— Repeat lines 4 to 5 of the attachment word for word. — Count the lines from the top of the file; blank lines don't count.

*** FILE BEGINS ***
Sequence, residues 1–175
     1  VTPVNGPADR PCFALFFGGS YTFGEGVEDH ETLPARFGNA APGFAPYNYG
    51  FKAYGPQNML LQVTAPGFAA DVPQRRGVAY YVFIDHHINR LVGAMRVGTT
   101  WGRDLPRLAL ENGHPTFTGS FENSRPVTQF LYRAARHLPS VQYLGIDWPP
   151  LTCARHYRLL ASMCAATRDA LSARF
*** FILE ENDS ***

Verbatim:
   101  WGRDLPRLAL ENGHPTFTGS FENSRPVTQF LYRAARHLPS VQYLGIDWPP
   151  LTCARHYRLL ASMCAATRDA LSARF